The Straits Times
Uproar over tax on pasties, mostly bought by the poor, a reminder of food’s powerful symbolic importance in politics
By Jonathan Eyal
Shaking hands or kissing babies have long been expected of politicians keen to show they are ‘ordinary folks’, just like their voters. Now it appears what they eat matters too.
A brouhaha over pastries erupted in Britain recently when Chancellor of the Exchequer George Osborne announced that hot food sold in bakeries and supermarkets will no longer be exempt from the sales tax. The move was swiftly criticised in the press and dubbed the ‘Cornish pasty tax’, after one of the affected products: a meat and potato pastry which originates from Cornwall.
Often costing as little as £1 (S$2) each, pasties are largely bought by poor consumers, and taxing them was immediately interpreted by the British media as proof that the government was indifferent to the struggles of working-class voters.
It did not help that Mr Osborne, the heir to a nobility title going back 17 generations, was forced to admit he ‘could not recall’ the last time he ate a Cornish pasty. Things worsened when Prime Minister David Cameron claimed to ‘love a hot pasty’, only to run into problems as to where he bought that much-loved snack. As the pasty controversy grew hotter, voters grew colder – the government’s popularity ratings plunged.
In vain did ministers argue that they were merely closing a tax loophole. Once a government acquires the stigma of being uncaring towards the dietary needs of poor people, it is almost impossible to shake it off.
Food, being so necessary for survival, often acquires powerful symbolic importance in politics. Marie Antoinette, France’s 18th-century queen, is forever remembered for saying ‘let them eat cake’ when confronted with news that peasants had no bread. In fact, there is no evidence that she ever uttered the phrase; it was an invention which started about half a century after her execution.
Still, the story is now so famous that it has become a symbol of aristocratic selfishness: A tabloid journalist dressed up as Marie Antoinette dogged British Cabinet ministers for an entire week as a publicity stunt over the pasty tax controversy.
Food has often decided the course of history too, as the British know only too well. The spark which lit the flame of the American Revolution was the Boston Tea Party of 1773, an act of insurrection against heavy taxes on a staple drink. Ireland’s independence became inevitable after the Great Potato Famine of the 19th century devastated the island’s population. And there is the Salt March of 1930, which started as a protest against a British retail monopoly in colonial India, and grew into a massive civil disobedience movement.
For better or worse, food remains an important symbol of national identity, as indispensable as a flag or a national anthem. Fish and chips in the case of England, haggis in Scotland, or burgers and apple pies in the case of the United States. When US soldiers were asked during World War II what they were fighting for, their most common answer was ‘for mom and apple pie’, a patriotic link exploited ever since by American politicians.
The Indonesian-Malaysian tussle over who ‘owns’ the beef rendang dish is well known in South-east Asia. Over in the Middle East, there is just as passionate a dispute between Lebanon and Israel over hummus, with both countries trying to claim the chickpea dip as exclusively their own.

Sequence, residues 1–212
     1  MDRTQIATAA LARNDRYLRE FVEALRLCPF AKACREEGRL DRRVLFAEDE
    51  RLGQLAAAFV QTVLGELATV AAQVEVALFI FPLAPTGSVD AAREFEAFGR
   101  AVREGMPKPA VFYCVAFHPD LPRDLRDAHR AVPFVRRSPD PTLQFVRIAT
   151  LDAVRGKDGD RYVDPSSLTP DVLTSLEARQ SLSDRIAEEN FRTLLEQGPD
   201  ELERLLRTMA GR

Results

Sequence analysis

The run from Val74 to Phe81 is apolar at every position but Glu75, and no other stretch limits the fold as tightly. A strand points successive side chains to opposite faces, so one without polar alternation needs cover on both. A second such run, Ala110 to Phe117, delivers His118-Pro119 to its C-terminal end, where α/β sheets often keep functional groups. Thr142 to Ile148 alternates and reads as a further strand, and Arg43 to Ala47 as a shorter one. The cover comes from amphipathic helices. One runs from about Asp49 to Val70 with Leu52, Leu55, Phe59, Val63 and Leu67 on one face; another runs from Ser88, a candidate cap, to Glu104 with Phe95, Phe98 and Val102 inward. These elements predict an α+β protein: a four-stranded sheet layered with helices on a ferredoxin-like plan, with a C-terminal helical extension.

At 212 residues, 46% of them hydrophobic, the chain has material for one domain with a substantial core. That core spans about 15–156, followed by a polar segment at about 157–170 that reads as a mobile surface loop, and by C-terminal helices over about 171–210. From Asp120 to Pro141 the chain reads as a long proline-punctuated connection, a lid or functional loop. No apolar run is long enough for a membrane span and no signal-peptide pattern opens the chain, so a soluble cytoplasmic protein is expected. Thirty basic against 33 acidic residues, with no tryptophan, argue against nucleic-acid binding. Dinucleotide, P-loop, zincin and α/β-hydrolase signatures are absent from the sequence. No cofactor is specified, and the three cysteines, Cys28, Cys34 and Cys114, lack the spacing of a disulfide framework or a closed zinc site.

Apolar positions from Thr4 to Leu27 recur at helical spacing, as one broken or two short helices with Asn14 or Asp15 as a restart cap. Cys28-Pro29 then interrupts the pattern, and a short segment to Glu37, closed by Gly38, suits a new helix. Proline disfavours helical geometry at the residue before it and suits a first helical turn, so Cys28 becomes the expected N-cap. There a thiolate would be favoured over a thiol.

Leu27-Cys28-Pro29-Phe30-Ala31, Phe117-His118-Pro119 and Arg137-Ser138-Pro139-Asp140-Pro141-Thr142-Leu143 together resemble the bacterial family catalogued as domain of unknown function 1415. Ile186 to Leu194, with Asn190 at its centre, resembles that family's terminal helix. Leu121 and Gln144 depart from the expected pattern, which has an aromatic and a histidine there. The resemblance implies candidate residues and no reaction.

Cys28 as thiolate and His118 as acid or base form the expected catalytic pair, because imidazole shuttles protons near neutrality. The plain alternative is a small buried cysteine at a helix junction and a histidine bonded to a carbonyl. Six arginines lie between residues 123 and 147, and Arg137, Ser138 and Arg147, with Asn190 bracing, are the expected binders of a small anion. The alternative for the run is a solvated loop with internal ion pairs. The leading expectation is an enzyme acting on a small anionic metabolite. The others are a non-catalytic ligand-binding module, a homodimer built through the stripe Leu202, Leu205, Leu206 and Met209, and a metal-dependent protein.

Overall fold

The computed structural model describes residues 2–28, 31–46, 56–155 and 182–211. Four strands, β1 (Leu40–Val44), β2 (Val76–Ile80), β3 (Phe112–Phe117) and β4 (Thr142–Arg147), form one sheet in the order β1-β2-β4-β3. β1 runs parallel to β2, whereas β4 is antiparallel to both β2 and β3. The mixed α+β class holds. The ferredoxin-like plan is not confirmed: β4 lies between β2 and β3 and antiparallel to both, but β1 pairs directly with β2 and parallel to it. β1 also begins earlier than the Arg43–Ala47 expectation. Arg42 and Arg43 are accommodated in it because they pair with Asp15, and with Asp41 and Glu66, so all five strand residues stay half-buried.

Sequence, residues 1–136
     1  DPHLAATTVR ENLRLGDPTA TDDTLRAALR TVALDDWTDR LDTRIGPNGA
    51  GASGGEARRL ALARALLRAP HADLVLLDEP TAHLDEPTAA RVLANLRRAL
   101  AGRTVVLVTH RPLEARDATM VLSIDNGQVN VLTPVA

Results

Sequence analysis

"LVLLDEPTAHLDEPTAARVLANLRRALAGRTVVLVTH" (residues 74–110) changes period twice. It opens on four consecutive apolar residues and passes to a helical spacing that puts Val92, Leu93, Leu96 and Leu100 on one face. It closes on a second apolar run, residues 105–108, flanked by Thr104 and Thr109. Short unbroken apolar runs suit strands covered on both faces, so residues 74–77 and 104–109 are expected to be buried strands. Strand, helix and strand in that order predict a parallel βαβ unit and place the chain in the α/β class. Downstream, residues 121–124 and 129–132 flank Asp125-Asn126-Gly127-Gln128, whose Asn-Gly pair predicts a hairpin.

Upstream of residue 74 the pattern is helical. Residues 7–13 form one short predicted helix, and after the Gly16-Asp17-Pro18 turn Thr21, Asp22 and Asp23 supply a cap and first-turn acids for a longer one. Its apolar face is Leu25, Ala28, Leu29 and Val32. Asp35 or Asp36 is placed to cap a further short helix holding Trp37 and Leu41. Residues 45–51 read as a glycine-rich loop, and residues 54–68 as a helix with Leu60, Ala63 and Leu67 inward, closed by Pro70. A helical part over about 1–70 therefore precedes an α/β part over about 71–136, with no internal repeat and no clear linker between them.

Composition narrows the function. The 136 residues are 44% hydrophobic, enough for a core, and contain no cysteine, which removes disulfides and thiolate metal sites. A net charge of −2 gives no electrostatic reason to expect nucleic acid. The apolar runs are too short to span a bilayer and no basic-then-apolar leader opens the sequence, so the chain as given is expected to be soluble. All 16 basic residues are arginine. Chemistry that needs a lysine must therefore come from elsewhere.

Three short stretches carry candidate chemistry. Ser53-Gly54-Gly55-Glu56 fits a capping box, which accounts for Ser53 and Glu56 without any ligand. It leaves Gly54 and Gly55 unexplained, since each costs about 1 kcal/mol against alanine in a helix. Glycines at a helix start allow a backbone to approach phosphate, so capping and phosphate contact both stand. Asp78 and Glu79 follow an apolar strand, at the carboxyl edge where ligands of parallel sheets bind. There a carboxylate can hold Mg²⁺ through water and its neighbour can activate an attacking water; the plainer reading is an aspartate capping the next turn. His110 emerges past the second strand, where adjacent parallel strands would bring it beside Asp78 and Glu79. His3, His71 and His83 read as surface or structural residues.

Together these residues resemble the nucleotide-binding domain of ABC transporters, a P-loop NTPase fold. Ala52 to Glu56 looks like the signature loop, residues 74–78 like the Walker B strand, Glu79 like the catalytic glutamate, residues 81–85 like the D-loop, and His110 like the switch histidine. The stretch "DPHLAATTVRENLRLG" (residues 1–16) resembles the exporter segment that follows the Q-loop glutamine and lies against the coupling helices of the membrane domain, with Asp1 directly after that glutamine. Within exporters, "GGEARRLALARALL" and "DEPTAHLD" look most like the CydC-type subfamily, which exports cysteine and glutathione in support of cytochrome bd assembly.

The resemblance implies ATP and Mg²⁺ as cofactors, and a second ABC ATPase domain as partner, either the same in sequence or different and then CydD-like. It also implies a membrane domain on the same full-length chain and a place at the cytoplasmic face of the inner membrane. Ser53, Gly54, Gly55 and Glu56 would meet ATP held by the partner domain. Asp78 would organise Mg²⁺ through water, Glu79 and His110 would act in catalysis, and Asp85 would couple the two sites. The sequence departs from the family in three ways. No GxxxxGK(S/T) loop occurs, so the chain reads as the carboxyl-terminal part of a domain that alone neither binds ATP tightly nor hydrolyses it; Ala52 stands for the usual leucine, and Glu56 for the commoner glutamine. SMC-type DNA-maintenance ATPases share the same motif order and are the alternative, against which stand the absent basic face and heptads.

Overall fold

The less-than-polite nicknames which the French and English use for each other are related to food: the English call the French ‘frogs’, while the French refer to the English as ‘le rosbif’.
And, since food equates with national identity, it is also used as a proxy for confrontations between nations. That was the case with a move by some US congressmen in 2003 to rename French fries as ‘freedom fries’, in retaliation against French opposition to America’s decision to invade Iraq. What’s forgotten in the food fight: The fries originated in Belgium.
French politicians also play this game: They frequently use McDonald’s restaurants as an example of everything bad or vulgar in US culture, carefully skirting around the inconvenient fact that, on a per capita basis, the French have long been the best European customers of McDonald’s.
Yet probably the trickiest problem for politicians is the association between eating habits and social classes. The challenge for any leader is not merely to pretend to love every humble dish, but do so convincingly enough for the voters. And that’s an art for which no recipe is available. Former US president George W. Bush was often praised for his ability to mingle with ordinary people in diners; he looked authentically American while munching a burger in a way other would-be presidents – such as Mr Al Gore or Mrs Hillary Clinton – never managed.
Over in class-conscious Britain, Sussex University professor Tim Bale claims ‘there isn’t anywhere else in the world where there is such a distinction between what the people at the top and what the people at the bottom eat’.
That’s probably an exaggeration, although Mr Peter Mandelson, a Labour Party heavyweight, will not be allowed to forget the occasion he mistook mushy peas – a dish eaten almost exclusively by unskilled workers in north England – for guacamole, an avocado-based dip preferred by upwardly mobile individuals in southern England.
The only consolation for politicians is that the link between food and social classes is not immutable; it can change. The humble potato, for instance, used to be considered as exclusively working-class diet, but now graces even the most aristocratic of tables. And the same seems to be happening to the Cornish pasty: A chain of British restaurants is now seeking to elevate the dish to ‘designer status’.